Reticle Size and Field of View
The 68 MOA ring in EOTech sights provides faster target acquisition. To ensure precise shot placement, holosights have a 1 MOA reticle, which is the finest dot in any optic. On the other hand, most reflex sights have dots that subtend either 2, 3, or 4 minutes of angle. The red dots may be easy to find, but they offer less precision compared to the finer aiming point in holosights.
What’s more, holographic sights with rectangular heads-up viewing windows have the advantage of having a larger field of view. Red dot sights on the other hand tend to have blind spots and tunnel vision effects because their rounded windows offer less field of view. You can read more on Field of View in our articles on binoculars.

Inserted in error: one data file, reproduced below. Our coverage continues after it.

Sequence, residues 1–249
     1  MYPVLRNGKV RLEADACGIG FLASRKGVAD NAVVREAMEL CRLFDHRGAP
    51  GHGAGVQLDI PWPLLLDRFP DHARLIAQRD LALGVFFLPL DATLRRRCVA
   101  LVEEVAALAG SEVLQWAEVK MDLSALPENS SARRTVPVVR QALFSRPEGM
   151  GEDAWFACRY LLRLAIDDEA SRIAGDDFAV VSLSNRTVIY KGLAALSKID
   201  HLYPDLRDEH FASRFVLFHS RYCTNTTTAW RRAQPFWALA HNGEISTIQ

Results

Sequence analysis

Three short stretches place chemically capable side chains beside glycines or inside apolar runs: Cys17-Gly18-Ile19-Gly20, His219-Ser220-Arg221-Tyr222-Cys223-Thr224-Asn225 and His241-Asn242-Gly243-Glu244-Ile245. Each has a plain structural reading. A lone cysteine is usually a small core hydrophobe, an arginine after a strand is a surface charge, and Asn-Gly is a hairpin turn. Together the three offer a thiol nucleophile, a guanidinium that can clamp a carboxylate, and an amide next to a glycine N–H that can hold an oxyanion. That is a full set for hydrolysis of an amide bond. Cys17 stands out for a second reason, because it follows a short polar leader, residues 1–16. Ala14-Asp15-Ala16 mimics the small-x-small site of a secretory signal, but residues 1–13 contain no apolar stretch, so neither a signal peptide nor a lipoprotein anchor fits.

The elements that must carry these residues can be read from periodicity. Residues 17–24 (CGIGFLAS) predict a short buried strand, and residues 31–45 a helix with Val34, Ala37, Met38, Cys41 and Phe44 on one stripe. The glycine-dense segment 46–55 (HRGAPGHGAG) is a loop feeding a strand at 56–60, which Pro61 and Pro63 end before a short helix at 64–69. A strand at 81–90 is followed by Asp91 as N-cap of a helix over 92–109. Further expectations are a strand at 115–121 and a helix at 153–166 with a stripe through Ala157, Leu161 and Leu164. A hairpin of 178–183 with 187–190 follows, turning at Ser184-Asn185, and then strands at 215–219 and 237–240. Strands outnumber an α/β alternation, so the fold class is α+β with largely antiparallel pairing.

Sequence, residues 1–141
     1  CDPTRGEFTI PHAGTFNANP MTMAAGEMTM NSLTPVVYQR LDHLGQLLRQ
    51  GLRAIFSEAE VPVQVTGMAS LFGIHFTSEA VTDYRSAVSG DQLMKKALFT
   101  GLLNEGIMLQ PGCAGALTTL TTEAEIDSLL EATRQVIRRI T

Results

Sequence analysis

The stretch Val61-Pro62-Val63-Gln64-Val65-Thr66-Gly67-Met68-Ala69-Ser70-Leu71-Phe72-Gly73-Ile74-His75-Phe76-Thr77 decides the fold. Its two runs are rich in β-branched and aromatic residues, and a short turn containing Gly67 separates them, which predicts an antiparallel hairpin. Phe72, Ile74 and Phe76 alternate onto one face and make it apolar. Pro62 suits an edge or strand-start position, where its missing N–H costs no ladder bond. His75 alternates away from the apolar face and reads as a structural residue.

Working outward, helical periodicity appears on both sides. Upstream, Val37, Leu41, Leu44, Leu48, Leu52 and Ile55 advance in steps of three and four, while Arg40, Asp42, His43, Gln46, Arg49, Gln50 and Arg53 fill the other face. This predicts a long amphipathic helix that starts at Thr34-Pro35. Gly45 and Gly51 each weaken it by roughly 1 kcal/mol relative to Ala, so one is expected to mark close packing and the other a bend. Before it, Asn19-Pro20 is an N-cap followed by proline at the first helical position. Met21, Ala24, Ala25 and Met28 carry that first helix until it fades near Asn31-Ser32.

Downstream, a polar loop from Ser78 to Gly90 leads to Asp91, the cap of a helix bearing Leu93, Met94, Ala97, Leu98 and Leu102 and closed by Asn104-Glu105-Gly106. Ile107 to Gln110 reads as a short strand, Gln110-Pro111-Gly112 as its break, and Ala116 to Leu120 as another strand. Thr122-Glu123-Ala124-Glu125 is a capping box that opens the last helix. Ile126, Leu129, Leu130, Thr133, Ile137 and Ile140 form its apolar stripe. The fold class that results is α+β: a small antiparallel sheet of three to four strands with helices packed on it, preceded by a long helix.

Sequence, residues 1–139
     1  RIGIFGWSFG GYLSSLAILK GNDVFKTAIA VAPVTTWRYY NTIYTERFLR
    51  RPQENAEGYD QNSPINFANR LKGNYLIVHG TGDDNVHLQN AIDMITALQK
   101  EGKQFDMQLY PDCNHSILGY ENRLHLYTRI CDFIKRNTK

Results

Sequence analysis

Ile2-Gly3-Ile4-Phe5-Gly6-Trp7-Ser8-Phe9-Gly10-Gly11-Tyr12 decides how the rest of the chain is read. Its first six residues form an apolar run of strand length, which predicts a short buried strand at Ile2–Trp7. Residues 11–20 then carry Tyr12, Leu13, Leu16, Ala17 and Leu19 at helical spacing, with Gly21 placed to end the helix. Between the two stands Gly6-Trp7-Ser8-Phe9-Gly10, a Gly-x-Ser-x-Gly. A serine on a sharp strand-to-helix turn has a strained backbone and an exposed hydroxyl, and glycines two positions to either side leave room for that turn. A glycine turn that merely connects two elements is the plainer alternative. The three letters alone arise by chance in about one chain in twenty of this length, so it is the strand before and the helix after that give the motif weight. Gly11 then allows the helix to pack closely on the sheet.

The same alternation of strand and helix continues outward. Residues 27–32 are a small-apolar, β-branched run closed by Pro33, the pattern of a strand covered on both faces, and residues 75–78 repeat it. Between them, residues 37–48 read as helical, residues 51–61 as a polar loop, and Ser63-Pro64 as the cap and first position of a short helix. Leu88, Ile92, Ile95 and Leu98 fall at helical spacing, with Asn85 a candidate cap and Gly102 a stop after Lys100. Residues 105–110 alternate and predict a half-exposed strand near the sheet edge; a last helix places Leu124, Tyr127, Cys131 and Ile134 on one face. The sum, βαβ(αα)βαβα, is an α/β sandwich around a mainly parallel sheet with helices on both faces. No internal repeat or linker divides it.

Reflector sights typically don’t have magnification. However, some models can enlarge targets up to 3Xs. When an EOTech is used in such cases, the 1 MOA center dot remains the same in size, even as the target enlarges. This offers greater accuracy in the long run. With a red dot sight, reticle size increases by the same factor as the target. This creates a larger dot with diminished precision. We offer a good breakdown of long range scope reviews also if you are interested in scopes that will increase your range.
Power and Size
One of the biggest disadvantages of holographic sights is that they have significantly less run time (typically 500-1000 hours depending on usage and model). Holosights can last longer if you turn them off when they are not in use. Some models are designed to automatically shut off after several hours of inactivity. However, the low powered LEDs on red dots can last up to 50,000 hours and you never have to turn them off.